“They practice every day. They do dance workshops and performances around Cambodia. The main idea of this group is to raise awareness on physical disability. Since they have different impairments, they need to have full coordination and unity. They memorise the dance moves and work together to create a beautiful performance,” shares Buntheng, as he watches the group rehearse inside the hall adjacent to where Maly’s group is practicing.
“They help each other. They look at each other to study the movements and feel the vibrations on the floor. This team has already done so much together so they know how to deal with each other. They have been to Singapore, Japan, Hong Kong, India and UK – performing and learning contemporary dance together,” he adds.
Two other small rooms, beside a small, customised playground, hold small tables and chairs surrounded by colourful paper cut-outs and drawings. Buntheng shares that the rooms serve as learning venue for children and teenagers with special needs. Each room houses at least 10 students – depending on their age – where they learn how to count, draw, brush their teeth, cook or go to the bathroom. The classes transpire just three days a week, Tuesdays to Thursdays, with special tuktuk services that take students from and to their homes around Kampot.
“Here, the children learn simple life skills. With four teachers assisting them in the class, they are taught to be independent and be reliable on small responsibilities. We give them the opportunity to learn and connect with other children with the same special needs.”
Buntheng’s son, he shares, has Down syndrome. “This is how I got to know Epic Arts. I was an English teacher in a government school before. But when my first son was born, I developed a different perception about life. I came here with my child and watched him learn some skills. Soon after, I was offered a job as translator. And now, I am the operations manager of the organisation. My son, now 10, still attends the classes here and I saw his developments.”
Through the years, Epic Arts has given young people equal chances to show their art and propelled them to be stars on their own right. Perfomers have travelled across countries to show how they are fully accepting their physical limitations and focusing, instead, on what they can do.
Contemporary dancer Kim Socheat, for one, has made it through discriminations and feelings of isolation he endured for years before he came to Epic Arts. He enrolled himself in the art course and eventually became a regular staff after. He is now part of the Epic Encounters and has, for years, performed in front of thousands of Khmers and foreigners.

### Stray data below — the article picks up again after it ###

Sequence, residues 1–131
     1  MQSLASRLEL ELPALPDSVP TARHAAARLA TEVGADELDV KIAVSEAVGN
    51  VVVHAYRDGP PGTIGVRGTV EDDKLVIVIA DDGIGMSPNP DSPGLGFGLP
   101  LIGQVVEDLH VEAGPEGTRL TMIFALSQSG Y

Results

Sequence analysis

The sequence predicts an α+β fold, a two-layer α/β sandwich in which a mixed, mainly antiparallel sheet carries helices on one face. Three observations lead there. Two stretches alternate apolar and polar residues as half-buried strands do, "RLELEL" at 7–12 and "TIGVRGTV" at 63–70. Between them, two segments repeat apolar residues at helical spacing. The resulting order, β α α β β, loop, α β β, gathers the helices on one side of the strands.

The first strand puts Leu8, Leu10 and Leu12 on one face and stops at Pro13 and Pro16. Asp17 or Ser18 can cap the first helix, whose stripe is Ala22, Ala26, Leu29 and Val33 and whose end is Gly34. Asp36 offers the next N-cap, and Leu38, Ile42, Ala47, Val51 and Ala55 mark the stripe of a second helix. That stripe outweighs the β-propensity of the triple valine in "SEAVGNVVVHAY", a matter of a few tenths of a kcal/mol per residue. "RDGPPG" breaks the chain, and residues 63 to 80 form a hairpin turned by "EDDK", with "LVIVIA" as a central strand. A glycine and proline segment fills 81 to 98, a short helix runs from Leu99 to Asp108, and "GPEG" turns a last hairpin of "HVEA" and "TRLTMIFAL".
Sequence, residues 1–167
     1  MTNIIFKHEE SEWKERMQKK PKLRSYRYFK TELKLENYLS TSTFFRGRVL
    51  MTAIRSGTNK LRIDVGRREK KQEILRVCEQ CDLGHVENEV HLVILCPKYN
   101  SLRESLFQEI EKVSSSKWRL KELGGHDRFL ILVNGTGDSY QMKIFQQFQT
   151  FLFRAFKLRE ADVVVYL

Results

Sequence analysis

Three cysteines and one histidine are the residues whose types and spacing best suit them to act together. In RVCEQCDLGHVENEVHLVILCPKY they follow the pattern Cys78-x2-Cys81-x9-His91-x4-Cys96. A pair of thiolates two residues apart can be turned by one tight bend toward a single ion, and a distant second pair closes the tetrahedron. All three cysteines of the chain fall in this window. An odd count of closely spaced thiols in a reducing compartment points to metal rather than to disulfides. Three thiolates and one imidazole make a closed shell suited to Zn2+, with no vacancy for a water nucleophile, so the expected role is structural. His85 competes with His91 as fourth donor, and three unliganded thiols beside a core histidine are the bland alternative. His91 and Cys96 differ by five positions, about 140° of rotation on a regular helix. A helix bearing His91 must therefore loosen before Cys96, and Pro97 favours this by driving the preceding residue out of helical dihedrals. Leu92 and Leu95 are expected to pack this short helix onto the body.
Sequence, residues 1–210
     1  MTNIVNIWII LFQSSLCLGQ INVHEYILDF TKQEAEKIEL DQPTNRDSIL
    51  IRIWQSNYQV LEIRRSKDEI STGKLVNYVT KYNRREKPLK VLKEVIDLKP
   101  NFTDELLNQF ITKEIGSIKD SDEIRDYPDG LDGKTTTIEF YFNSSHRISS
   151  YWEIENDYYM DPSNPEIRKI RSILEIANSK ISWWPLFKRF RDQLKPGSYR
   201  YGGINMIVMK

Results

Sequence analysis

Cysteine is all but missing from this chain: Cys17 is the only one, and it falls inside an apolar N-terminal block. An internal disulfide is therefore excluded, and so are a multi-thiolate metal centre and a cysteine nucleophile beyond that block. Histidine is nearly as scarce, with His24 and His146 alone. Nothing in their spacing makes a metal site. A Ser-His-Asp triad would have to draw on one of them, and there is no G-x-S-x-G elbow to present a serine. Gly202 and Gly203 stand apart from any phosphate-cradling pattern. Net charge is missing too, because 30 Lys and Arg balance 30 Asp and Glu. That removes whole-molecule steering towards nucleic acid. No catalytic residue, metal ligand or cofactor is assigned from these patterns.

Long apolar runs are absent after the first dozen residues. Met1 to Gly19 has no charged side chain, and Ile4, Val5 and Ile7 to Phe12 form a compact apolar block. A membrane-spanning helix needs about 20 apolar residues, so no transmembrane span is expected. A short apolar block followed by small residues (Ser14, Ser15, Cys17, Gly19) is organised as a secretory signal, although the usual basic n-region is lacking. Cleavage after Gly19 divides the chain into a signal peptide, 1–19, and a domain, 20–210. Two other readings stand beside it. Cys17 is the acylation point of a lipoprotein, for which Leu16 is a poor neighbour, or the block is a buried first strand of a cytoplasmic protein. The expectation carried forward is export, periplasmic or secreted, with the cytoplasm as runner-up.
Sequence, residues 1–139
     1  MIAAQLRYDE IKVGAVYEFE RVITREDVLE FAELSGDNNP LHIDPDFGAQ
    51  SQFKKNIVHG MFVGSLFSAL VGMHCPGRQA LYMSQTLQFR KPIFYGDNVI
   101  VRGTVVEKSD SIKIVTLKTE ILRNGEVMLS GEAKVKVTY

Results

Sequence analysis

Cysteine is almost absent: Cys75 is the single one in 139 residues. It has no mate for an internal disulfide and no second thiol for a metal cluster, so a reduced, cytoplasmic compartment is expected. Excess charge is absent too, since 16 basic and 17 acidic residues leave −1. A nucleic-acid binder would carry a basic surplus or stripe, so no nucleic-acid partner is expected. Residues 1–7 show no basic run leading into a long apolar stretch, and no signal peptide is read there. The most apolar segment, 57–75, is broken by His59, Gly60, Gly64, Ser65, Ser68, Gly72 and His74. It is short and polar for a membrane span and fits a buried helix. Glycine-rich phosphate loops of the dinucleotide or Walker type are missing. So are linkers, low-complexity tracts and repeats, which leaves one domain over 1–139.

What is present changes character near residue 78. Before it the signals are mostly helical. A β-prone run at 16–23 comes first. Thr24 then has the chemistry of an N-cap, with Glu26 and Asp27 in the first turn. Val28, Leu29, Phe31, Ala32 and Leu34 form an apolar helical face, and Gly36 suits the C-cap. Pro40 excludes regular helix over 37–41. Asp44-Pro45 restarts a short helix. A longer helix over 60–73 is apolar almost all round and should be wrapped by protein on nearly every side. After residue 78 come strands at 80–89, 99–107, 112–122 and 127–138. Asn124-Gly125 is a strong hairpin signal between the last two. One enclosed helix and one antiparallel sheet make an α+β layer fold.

“At first, I didn’t really like to dance. I didn’t think I had the skills to do it, especially because I can’t walk,” he shares as he sits on his wheelchair. “I just used to crawl on the floor. Now, I dance and let people see my talent.”
Fresh from his team’s tour in Japan in June, the, 25-year-old Socheat is now busy preparing for his participation in Cambodia’s Got Talent Season 2.
“I already passed the first round. I don’t know when I will be shown on television but I am happy that people can watch me on TV. I hope I can reach the live performances round because I really want to show people that I can be as good as other dancers,” says Socheat.
Two other Epic Arts artists, Seoung Thoeun and Lay Not, also have a busy August. The duo, part of the Buffalo Boy project of the organisation, will be traveling to the UK to finalise their project and perform in front of the British crowd. Thoeun, a man with Cerebral palsy, and Not, with hearing impairment, had their first Buffalo Boy public performance at a packed CLA theatre late last month.
After their stint in the UK, the two artists will give their Cambodian audience the full production of Buffalo Boy, which follows the real-life story of Thoeun.
“We have so many activities for our artists. We’re performing everywhere to promote our advocacies, to promote these talented people who used to be discriminated. Instead of looking at the disabilities, we are giving our focus and energy on their abilities, on the things that they can do. We help them build not just confidence but their full potential,” explains Buntheng.
“In the future, we want to see a society that is more open, more understanding to other people’s conditions. We want to see less discriminations. We are also fervently hoping that more and more people will know how to deal with people with disabilities, and that we will understand and actively learn the sign language so we can all communicate and unite.”